The next activity was dynamic storytelling developed by Peter Dyer. One volunteer had to come to the front to start the story by saying a sentence. Again, it was left purely up to us what the context would be, and if I remember right, it was: Once upon a time there was a wolf. Perhaps not terribly imaginative, but it did the trick: starting the story off. The next volunteer would come to the front and say another sentence. But the sentence could be from anywhere in the story: right after the first one, the middle, or the end. The person would stand in a line either close to the first volunteer, or far away, depending on where in the story their sentence would come. And off we went. Again, it was fun, engaging, with lots of language practice. There was a lot of repetition, as you had to remember your sentence and the ones around you to make sure the story would flow. There was definitely plenty of room for peer correction too. As with the previous ones, the creative aspect had us all very much engaged.

In the second part of the workshop we looked at improvisation and creativity for writing activities. Again, they were surprisingly simple, but at the same time very effective and engaging.

Among several that we saw, I will describe the first one, which was group picture activity. It starts with an empty white board. The first volunteer draws the first picture. It can be anything. I think in our case it was a palm tree. The next person adds another picture or element to it, and so on (this activity comes from Sion C., 2000, Creating Conversation in Class, Delta, Peaslake). Once there are quite a few things drawn, Paolo explained that there are several ways in which the pictures could be used as a springboard for writing activities. For example:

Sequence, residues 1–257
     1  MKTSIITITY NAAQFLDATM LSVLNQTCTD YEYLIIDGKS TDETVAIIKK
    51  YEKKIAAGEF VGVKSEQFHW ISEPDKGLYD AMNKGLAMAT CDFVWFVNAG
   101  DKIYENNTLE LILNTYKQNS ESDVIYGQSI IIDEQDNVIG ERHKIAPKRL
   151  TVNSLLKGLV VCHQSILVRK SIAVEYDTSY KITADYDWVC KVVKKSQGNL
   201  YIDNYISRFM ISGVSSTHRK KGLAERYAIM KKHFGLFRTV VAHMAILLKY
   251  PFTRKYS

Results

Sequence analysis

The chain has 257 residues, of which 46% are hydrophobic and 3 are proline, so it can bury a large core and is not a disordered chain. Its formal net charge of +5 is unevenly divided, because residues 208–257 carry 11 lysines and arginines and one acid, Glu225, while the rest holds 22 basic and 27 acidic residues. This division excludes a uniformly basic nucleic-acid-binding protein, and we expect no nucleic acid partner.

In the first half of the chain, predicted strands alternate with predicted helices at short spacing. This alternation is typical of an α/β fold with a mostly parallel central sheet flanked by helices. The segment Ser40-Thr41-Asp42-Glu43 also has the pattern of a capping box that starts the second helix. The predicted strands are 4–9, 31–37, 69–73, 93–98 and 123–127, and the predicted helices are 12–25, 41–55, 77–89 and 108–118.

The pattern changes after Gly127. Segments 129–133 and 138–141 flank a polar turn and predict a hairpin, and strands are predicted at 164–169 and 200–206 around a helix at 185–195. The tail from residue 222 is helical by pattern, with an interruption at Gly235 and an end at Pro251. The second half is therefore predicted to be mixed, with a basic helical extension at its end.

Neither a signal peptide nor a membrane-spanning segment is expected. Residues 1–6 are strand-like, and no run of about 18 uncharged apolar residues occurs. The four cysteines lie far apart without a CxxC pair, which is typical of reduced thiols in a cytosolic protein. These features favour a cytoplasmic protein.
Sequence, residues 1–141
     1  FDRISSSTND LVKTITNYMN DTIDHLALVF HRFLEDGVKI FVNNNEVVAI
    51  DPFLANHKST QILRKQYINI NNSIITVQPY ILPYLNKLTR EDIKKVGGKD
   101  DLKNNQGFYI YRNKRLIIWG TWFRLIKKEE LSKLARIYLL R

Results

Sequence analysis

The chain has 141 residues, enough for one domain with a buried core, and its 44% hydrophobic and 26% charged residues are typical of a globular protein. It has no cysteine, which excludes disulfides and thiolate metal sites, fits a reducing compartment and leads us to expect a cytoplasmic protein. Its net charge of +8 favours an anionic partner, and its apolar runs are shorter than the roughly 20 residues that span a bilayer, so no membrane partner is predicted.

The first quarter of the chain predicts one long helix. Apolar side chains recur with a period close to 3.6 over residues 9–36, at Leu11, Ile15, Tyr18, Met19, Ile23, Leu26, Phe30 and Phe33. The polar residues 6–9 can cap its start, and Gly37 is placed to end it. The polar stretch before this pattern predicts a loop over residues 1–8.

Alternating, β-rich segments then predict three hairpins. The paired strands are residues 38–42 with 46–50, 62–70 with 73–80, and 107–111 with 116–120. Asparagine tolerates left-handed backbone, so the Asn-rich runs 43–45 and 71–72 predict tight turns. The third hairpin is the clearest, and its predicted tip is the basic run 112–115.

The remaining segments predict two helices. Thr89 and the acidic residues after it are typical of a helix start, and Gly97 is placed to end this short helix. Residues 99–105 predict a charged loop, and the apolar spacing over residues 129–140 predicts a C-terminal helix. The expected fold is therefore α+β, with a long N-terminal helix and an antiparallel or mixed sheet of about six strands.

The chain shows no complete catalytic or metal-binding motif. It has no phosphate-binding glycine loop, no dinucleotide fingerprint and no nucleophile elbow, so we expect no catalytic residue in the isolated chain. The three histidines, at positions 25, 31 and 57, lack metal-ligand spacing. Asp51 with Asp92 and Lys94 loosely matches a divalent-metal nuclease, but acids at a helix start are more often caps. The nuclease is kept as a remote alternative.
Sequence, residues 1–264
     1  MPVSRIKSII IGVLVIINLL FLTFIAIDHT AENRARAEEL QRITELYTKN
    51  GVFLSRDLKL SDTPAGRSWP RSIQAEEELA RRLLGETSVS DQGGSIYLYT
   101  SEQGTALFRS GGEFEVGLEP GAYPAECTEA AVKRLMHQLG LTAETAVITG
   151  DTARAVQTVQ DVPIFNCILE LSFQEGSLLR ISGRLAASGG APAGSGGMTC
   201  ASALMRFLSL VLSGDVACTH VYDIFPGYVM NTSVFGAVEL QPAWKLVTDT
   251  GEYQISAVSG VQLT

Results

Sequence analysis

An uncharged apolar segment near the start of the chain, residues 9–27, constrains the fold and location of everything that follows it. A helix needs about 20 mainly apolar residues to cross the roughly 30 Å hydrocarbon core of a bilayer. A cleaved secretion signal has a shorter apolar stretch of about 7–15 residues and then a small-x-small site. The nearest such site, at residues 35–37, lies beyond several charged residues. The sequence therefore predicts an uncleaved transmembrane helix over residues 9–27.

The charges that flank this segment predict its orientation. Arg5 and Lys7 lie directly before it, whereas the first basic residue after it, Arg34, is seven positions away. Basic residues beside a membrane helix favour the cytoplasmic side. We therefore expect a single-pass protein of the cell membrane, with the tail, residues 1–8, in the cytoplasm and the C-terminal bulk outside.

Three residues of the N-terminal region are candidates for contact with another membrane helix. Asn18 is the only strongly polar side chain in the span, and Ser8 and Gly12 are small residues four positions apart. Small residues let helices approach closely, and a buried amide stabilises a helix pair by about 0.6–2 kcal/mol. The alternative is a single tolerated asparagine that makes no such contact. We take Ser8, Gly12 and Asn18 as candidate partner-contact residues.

• Write the names of the objects
  • Create a dialogue between the people in the pictures
  • Create an sms (or perhaps in our modern times Whatsapp or FB) chat
  • Write a story connecting the pictures
  • Fill in the empty parts of the board with a story

I imagine this would lend itself nicely to a speaking activity too, either before or instead of the writing phase. I’d imagine the students being quite engaged in the writing, because it’s their story, rather than one imposed by the teacher. A scaffold is developed by the students and for the students, and there is plenty of room for individual creativity.

I would have certainly enjoyed doing these activities in a language class.

My other summaries from TESOL Italy 2015 sessions can be found here:

  1. ELF and TESOL: a change of subject? plenary by Henry Widdowson
  2. Learning to teach listening: students’ and teachers’ perceptions. by Chiara Bruzzano

Meu instantâneo 15 [3677412]Paolo Torresan obtained his PhD in Linguistics and Romance Philology at Ca’ Foscari University, in Venice. He has carried out research at Complutense University, Autonoma University, in Madrid, and at Lancaster University. He has taught at Rio de Janeiro State University and Santa Monica College, Santa Monica, CA. He is Editor-in-chief for the following journals: Officina.it and Bollettino Itals. Among his books we mention: The Multiple Intelligence Theory and Language Teaching (Perugia 2010). He’s also studied improvisation at the Groundlings school, in LA. You can get in touch with Paolo through his profile on academia.edu here.

TESOL Convention 2015: ‘Gamification of your language learning course’ by Steven Carruthers by